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Re: The Leon Russell Thread
« Reply #16 on: March 06, 2005, 04:35:35 pm »

Mom said if ya ain't got nuthin good to say.... but...

I know of more than a few live sounds guys that well, let's say, have had somewhat less than good experiences with Mr. Russell, myself included.

About 15yrs or so ago, I was filling in some nights doing FOH & monitors for a friend at a tiny night club in a Boston suburb. Leon and his tour manager showed up early in a van and I was ready for him, or so I thought <g>. I welcomed them both to the club, showed them to the dressing room / hospitality, all's going well.

The tour manager walked me to the van and gave me the keys. "Here's a stage plot (a napkin), set up everything and we'll see you in an hour", and walks away. After picking up my jaw off the ground, I thought screw it, the show's sold out and I'm the only one around, suck it up and just do it. I open the van and it was loaded to the roof with tons of keyboards and a B3. I had to grab a bartender to help me cart the shit in.

After setting the stage, aiming mic's, getting levels, and setting monitors, I go back to the dressing room to let them know that I'm read for a soundcheck and ask if there is anything else that I could get them. Leon answered, "Yeah, y'all can get the f*** outta my way".

Kinda blew me away at the time, but thankfully I was back on the road a few days later, where it just became another story. Another story told to and heard from other roaddogs who experienced the same on that particular Leon tour.
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JohnnyWiz
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russrags

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Re: The Leon Russell Thread
« Reply #17 on: March 06, 2005, 04:53:13 pm »

I hear ya Johnny,

So your a member of the FBL Club too  Cool
I'm a Platnim Club Member Ha!!  Ha!!  
---- Fired By Leon Club -----

He really doesn't respect Engineers, it's a shame he thinks of them as no more than glorified Roadies.

I've been around him a lot and know every trick he pulls out of the hat.  You just have to get past it and try not to repeat mistakes and do your best to stay one step ahead of him .. oh coarse that's pretty tough, if not down right impossible.  

I make him look pretty good and don't let him get away with much.
I do LOVE it when his eyes light up.  

As I said, I do have some stories.  Not all are good, but many are.

Russ
http://home.bellsouth.net/p/PWP-russragsdale

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J.J. Blair

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Re: The Leon Russell Thread
« Reply #18 on: March 06, 2005, 06:32:23 pm »

This is why I always make a point of telling any of my heros, "I'm a huge fan of your music."  For all I know, they may be in Waddy Wachtel's photography club.
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They say the heart of Rock & Roll is still beating, which is amazing if you consider all the blow it's done over the years.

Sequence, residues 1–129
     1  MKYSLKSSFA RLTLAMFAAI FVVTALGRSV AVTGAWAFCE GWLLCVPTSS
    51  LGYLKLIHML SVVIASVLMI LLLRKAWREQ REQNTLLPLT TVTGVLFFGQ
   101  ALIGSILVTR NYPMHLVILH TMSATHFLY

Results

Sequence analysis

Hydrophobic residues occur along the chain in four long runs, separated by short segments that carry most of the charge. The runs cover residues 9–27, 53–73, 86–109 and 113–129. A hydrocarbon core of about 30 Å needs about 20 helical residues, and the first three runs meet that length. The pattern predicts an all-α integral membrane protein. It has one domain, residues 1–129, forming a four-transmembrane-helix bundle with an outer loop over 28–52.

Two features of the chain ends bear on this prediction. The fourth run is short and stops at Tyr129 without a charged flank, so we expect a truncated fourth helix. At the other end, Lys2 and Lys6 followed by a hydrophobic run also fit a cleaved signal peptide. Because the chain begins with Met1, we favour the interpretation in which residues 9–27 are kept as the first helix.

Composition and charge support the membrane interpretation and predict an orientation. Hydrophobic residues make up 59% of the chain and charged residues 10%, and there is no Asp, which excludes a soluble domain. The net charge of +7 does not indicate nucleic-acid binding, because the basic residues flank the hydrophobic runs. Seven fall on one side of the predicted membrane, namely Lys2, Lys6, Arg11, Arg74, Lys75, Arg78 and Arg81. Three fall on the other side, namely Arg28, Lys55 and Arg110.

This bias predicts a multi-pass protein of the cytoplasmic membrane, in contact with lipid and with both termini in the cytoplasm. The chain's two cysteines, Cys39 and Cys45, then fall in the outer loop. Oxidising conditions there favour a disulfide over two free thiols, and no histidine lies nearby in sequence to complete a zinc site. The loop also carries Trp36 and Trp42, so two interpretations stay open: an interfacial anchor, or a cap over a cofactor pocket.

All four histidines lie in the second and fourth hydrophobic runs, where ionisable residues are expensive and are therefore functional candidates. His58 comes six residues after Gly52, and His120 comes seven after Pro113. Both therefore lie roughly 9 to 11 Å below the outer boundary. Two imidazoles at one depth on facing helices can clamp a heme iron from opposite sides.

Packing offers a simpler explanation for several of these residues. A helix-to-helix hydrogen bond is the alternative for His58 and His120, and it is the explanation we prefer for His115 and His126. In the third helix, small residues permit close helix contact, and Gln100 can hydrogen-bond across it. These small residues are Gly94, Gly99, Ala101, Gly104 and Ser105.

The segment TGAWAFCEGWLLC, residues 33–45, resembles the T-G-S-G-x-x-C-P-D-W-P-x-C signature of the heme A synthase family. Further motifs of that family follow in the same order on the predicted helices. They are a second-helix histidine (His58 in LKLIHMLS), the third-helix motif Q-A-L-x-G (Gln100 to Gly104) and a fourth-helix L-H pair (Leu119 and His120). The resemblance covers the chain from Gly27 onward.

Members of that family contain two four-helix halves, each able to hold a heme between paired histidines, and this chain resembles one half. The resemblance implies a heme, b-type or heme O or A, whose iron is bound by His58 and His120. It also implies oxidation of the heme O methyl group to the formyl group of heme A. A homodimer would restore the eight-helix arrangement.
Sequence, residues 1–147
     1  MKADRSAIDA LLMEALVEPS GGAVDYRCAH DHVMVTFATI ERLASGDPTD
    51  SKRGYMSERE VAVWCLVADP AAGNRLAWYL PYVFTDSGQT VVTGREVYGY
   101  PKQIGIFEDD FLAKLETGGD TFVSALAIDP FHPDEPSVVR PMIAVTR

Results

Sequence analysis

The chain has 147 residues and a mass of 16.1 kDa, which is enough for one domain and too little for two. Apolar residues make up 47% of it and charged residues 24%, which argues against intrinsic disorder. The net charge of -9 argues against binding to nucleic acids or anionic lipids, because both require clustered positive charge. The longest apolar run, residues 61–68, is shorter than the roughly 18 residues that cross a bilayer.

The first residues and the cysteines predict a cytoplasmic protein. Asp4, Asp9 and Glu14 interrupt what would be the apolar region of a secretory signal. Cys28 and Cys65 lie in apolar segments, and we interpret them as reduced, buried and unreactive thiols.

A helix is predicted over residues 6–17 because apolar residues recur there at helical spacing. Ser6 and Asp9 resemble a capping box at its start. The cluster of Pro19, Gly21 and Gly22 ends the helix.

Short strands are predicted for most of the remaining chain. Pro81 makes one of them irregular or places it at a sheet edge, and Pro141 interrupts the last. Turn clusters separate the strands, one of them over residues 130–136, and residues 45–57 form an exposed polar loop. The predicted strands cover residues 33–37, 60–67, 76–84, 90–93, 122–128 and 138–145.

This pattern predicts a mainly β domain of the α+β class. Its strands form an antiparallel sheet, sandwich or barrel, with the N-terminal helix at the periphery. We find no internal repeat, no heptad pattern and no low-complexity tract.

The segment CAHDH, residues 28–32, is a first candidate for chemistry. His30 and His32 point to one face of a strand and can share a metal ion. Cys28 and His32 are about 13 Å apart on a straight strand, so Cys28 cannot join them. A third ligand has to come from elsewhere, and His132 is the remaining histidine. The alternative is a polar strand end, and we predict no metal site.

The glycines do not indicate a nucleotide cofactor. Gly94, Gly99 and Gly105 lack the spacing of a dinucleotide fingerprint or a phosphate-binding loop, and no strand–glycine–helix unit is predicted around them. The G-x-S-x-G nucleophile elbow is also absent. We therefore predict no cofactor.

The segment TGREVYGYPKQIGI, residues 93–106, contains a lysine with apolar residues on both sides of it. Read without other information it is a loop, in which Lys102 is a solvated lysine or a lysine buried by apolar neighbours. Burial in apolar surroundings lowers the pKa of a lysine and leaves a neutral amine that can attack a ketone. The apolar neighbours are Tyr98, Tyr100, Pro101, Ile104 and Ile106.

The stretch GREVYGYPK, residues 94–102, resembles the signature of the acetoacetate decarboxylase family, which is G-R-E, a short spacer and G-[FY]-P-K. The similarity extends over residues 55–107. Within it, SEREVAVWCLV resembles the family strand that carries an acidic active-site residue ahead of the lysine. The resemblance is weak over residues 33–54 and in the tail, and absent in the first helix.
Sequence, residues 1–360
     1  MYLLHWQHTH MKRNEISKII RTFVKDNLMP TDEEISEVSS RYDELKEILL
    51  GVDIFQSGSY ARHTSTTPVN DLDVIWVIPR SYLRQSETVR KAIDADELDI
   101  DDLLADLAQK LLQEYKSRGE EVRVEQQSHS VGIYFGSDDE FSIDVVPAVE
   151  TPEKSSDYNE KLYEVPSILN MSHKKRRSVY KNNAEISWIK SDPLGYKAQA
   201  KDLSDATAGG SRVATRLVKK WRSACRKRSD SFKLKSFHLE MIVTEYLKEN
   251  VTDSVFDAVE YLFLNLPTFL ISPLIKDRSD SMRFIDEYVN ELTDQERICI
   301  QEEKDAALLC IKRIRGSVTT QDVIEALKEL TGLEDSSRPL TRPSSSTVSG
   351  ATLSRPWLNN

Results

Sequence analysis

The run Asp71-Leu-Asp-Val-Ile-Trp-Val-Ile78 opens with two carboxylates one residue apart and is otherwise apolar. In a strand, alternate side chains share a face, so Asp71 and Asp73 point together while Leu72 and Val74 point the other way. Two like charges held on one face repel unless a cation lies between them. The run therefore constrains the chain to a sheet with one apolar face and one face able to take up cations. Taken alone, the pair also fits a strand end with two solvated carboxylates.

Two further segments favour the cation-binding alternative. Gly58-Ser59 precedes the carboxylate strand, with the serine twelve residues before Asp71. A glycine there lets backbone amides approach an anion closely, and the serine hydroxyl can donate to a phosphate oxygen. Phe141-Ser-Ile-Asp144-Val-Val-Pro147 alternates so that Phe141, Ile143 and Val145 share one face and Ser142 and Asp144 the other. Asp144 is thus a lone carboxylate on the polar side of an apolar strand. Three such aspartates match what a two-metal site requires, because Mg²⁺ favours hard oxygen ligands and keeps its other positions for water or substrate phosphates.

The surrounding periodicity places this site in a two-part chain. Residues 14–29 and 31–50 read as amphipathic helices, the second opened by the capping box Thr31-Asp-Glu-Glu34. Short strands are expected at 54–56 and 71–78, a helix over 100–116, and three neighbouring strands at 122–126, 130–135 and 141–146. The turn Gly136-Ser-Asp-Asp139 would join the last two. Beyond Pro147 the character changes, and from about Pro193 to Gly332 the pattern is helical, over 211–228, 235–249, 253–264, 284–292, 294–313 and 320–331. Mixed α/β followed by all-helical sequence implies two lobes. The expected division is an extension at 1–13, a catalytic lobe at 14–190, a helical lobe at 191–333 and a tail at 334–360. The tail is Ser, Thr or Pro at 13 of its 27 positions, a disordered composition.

"The Internet enables pompous blowhards to interact with other pompous blowhards in a big circle jerk of pomposity." - Bill Maher

"The negative aspects of this business, not only will continue to prevail, but will continue to accelerate in madness. Conditions aren't going to get better, because the economics of rock and roll are getting closer and closer to the economics of Big Business America." - Bill Graham

johnnywiz

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Re: The Leon Russell Thread
« Reply #19 on: March 06, 2005, 06:41:33 pm »

Yeah, goes both ways sometimes I guess...
One positive look from him would have been plently for me.

Another time I was doing my then usual house gig at in a Boston club (mixing 4-6 acts a night, 7 days a week), and had an attitude. The headliner shows up 1/2 hour late for soundcheck and I blow them off and proceed to check everyone else. Checks are over, I go to dinner, then come back and mix all 4. The headliner opens with "Hey Mr Tamborine Man", and play a few more classics. The club owner comes to the FOH booth and tells me that he had heard I had a little trouble with this band. I confess to being in a bitchy mood, and he asks if I know who they are. I had no idea, but they sound familiar I said. He tells me it's a band called DJango, with Gene Clark.

After the show Gene and I were up in the office getting paid, when he let me have it. Saying, "Let me guess, you work here as a stepping stone looking for your next bigger gig. You'll never get there with an attitude like yours."
This was exactly what I needed to hear at the time and it really straightened my ass out, and good things started happening.
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JohnnyWiz
"What's with all these people who think that intonation is overrated?" JJB

johnnywiz

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Re: The Leon Russell Thread
« Reply #20 on: March 06, 2005, 06:45:33 pm »

J.J. wrote on Sun, 06 March 2005 18:32

For all I know, they may be in Waddy Wachtel's photography club.


btw, Waddy's cousin AJ Wachtel was a local legend here for years.
Know mostly for rock writing and guzzling competitions, NNITO.
Quite a character.
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JohnnyWiz
"What's with all these people who think that intonation is overrated?" JJB

MB

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Re: The Leon Russell Thread
« Reply #21 on: March 07, 2005, 03:50:56 am »

johnnywiz wrote on Mon, 07 March 2005 00:41



After the show Gene and I were up in the office getting paid, when he let me have it. Saying, "Let me guess, you work here as a stepping stone looking for your next bigger gig. You'll never get there with an attitude like yours."
This was exactly what I needed to hear at the time and it really straightened my ass out, and good things started happening.


Gene Clark...I'm listening to "No Other" right now. What a fantastic record.